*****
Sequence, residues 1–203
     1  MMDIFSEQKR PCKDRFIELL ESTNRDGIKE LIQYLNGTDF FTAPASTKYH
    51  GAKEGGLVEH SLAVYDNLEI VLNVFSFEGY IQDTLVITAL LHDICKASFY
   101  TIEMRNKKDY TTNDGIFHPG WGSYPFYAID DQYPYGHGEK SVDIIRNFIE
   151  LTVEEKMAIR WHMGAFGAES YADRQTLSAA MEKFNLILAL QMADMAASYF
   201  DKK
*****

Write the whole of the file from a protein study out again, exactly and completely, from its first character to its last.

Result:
Sequence, residues 1–203
     1  MMDIFSEQKR PCKDRFIELL ESTNRDGIKE LIQYLNGTDF FTAPASTKYH
    51  GAKEGGLVEH SLAVYDNLEI VLNVFSFEGY IQDTLVITAL LHDICKASFY
   101  TIEMRNKKDY TTNDGIFHPG WGSYPFYAID DQYPYGHGEK SVDIIRNFIE
   151  LTVEEKMAIR WHMGAFGAES YADRQTLSAA MEKFNLILAL QMADMAASYF
   201  DKK